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John Franklin was born in Spilsby, England, on April 16, 1786, the ninth of the twelve children, and youngest son, of Willingham and Hannah (Weekes) Franklin. He was educated at a preparatory school in St Ives, Huntingdonshire, and, from the age of 12, at Louth Grammar School in Lincolnshire.
Attracted to a seafaring life from an early age, Franklin first went to sea aboard a merchant ship sailing between Kingston upon Hull, England, and Lisbon, Portugal. His father then secured his appointment in the Royal Navy, and he subsequently served under Admiral Horatio Nelson at the Battle of Copenhagen (1801).
Franklin made his first voyage of exploration as part of Matthew Flinders' (his uncle) 1801-1803 exploratory voyage to Australia. In addition to sparking his zeal for exploration, this voyage gave Franklin much knowledge about navigation, thanks to personal instruction from Flinders.
Returning to "basic" naval duty upon his return to England, Franklin again served under Admiral Nelson at the Battle of Trafalgar (1805). For the three of the years of peace which followed he was ashore on half-pay, and continued his studies of geography and navigation begun under Flinders. He returned to sea during the War of 1812, and was injured during the British offensive against New Orleans (1814).
Franklin's passion for Arctic exploration was sparked when he commanded the Trent on Captain David Buchans 1818 unsuccessful search for the Northwest Passage. From 1819 to 1822, Franklin commanded a 5,000-mile overland expedition across Canada from the western shore of Hudson Bay to the Arctic Ocean during which he surveyed the coast to east of the Coppermine River in northwestern Canada. He described this expedition in Narrative of a Journey to the Shores of the Polar Sea, in the Years 1819, 20, 21 and 22 (published in 1823).
During his absence from England Franklin was promoted to Commander, and on his return to Captain. He became a fellow of the Royal Society in 1822 and in 1823 married Eleanor Anne Porden, by whom he had one child, Eleanor.
In 1824-1827, Franklin led a party that explored the North American coast westward from the mouth of the Mackenzie River in northwestern Canada to Point Beechey, now in Alaska, while a second party followed the coast eastward from the Mackenzie to the Coppermine. These explorations, which added new knowledge of about 1,200 miles of the northwest rim of the North American coastline, were described in Narrative of a Second Expedition to the Shores of the Polar Sea, in the Years 1825, 1826, and 1827 (1828). They also earned him a gold medal from the Geographical Society of Paris, an honorary D.C.L. of Oxford, and a knighthood. His wife had died during his absence, and in 1828 he married Jane Griffin.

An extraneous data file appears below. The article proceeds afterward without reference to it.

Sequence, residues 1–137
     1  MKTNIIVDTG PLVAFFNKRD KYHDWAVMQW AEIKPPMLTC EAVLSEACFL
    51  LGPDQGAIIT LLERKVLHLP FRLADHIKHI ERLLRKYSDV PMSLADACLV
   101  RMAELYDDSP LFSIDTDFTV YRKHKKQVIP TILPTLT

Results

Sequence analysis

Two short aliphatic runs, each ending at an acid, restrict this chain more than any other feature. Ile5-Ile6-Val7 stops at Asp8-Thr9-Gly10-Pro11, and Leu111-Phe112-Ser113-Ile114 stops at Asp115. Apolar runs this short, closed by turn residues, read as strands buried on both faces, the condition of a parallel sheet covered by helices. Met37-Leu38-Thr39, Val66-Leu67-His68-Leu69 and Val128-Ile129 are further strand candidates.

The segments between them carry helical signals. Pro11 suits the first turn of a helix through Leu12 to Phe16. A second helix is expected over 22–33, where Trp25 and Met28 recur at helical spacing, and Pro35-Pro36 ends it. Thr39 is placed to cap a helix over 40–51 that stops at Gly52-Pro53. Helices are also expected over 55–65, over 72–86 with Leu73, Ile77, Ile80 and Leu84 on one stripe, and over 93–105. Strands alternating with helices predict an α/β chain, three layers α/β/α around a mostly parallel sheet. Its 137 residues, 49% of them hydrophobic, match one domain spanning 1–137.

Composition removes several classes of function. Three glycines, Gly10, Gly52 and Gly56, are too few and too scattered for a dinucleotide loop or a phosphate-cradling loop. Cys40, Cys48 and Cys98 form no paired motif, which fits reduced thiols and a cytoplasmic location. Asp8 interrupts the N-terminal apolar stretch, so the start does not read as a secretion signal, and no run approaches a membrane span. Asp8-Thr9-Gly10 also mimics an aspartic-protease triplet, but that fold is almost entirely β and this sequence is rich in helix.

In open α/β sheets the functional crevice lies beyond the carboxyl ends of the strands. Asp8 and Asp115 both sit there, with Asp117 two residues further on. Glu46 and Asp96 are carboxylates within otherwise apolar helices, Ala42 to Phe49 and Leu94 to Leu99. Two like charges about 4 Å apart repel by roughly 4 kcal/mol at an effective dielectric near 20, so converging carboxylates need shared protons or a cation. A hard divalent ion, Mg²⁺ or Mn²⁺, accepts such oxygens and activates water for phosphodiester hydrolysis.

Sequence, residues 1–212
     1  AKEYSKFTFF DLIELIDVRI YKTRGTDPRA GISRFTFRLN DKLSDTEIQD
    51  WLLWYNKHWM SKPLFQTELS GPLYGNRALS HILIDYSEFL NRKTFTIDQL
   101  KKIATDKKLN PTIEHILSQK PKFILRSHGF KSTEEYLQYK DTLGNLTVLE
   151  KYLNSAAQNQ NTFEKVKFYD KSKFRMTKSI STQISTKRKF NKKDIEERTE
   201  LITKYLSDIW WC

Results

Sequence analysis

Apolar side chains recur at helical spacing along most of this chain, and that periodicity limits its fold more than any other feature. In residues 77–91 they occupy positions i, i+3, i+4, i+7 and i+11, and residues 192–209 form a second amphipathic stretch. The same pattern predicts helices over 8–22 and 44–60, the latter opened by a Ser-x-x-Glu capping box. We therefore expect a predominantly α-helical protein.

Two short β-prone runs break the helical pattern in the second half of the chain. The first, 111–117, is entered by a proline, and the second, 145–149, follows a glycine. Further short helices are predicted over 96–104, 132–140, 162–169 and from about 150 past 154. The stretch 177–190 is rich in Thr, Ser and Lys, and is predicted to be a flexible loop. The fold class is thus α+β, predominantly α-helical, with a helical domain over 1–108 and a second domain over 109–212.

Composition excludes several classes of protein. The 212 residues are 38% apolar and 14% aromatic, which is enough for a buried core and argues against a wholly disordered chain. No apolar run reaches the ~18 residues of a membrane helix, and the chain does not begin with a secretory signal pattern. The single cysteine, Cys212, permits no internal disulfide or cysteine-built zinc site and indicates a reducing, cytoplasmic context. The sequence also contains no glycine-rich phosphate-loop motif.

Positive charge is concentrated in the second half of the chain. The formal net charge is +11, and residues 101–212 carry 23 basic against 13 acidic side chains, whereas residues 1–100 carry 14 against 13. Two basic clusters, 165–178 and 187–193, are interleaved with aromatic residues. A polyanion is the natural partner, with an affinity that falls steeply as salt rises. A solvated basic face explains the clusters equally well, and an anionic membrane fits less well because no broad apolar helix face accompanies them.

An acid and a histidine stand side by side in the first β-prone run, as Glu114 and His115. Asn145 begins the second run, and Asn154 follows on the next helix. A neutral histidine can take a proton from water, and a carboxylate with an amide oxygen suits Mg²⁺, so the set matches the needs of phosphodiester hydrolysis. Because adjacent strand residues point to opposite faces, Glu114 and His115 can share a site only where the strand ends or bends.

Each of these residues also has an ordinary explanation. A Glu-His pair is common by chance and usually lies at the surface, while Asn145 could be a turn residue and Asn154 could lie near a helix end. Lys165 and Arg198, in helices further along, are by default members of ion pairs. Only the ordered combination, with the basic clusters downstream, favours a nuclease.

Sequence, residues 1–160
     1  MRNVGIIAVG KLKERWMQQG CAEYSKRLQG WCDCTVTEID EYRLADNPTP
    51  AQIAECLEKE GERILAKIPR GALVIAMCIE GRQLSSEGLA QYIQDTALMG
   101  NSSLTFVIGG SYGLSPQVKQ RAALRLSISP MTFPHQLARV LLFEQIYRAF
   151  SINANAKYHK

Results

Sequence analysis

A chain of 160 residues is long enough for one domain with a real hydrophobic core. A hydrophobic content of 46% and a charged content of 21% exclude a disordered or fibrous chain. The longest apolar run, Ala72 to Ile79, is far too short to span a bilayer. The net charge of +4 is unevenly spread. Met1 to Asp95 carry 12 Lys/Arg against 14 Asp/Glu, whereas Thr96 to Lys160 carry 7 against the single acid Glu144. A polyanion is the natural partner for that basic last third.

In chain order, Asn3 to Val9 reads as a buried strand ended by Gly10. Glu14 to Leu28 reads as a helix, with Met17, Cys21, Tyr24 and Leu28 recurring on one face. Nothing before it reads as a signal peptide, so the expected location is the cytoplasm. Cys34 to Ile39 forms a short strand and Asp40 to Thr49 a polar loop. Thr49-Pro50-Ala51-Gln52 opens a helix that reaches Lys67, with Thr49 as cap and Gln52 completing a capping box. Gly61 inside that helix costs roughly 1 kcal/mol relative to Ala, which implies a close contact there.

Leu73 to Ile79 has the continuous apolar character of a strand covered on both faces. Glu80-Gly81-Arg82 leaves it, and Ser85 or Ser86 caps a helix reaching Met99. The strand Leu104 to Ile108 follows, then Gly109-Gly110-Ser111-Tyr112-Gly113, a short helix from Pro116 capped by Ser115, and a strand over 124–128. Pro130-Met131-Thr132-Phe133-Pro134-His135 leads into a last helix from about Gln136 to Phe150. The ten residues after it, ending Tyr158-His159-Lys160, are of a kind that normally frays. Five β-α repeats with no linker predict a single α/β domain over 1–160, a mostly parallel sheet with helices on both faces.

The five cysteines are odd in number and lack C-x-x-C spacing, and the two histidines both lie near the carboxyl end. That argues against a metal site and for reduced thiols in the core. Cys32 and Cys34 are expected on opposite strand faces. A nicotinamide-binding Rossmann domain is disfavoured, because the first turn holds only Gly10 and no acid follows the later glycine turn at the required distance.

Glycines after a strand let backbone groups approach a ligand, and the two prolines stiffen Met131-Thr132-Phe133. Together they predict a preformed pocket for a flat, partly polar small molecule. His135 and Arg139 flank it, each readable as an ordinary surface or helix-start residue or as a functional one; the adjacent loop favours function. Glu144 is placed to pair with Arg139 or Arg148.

Returning to naval duty, Franklin commanded the Rainbow off the coast of Greece during its war of independence (1830-1833), for which he was rewarded with the Greek Order of the Redeemer. Finding England at peace upon his return, Franklin reluctantly accepted the lieutenant-governorship of Van Diemen's Land (Tasmania), and he and his wife arrived there in January 1837. He did not endear himself with the local civil servants, who particularly disliked his humane ideals and his attempts to reform the Tasmanian penal colony, and he was removed from office in 1843.
Exploration of the Arctic coastal mainland after Franklin's second expedition had left less than 311 miles of unexplored Arctic coastline and the British decided to send a well-equipped expedition to complete the charting of the Northwest Passage. An invitation was extended to Franklin, who accepted despite being 59 years old at the time. On May 19, 1845, he sailed from England with two ships, the Erebus and the Terror, carrying 128 officers and men and enough provisions for three years, including tinned foods. The vessels were last sighted by British whalers north of Baffin Island at the entrance to Lancaster Sound on late July 26. In 1847, when no word had been received, search parties were sent out. Various expeditions sought the explorers, but their fate was unknown until 1859, when a search mission sent in 1857 by Lady Jane Franklin, and headed by Captain Francis Leopold McClintock, reached King William Island, south and west of Lancaster Sound, where it found skeletons of the vessels crews and a written account of the expedition through April 25, 1848. According to that account, the ships got frozen in thick ice off King William Island in late 1846. Franklin died of unknown causes aboard the Erebus on June 11, 1847. Other crewmembers had also perished. Based on written messages, historians now know that the survivors abandoned the ships on April 22, 1848, and attempted to reach safety overland. Some died along the way while others reached the Adelaide Peninsula. In 2014, the Erebus was found in the waters near King William Island, but the location of the Terror remains unknown.
Ironically, some scientists have suggested that the tinned foods intended to sustain the expedition may have actually caused its demise. The tins had been sealed with lead solder, and the scientists believe that ingestion of lead caused a form of dementia which in turn led the crewmen to make a series of disastrous decisions.
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This page was last updated on 10/24/2017.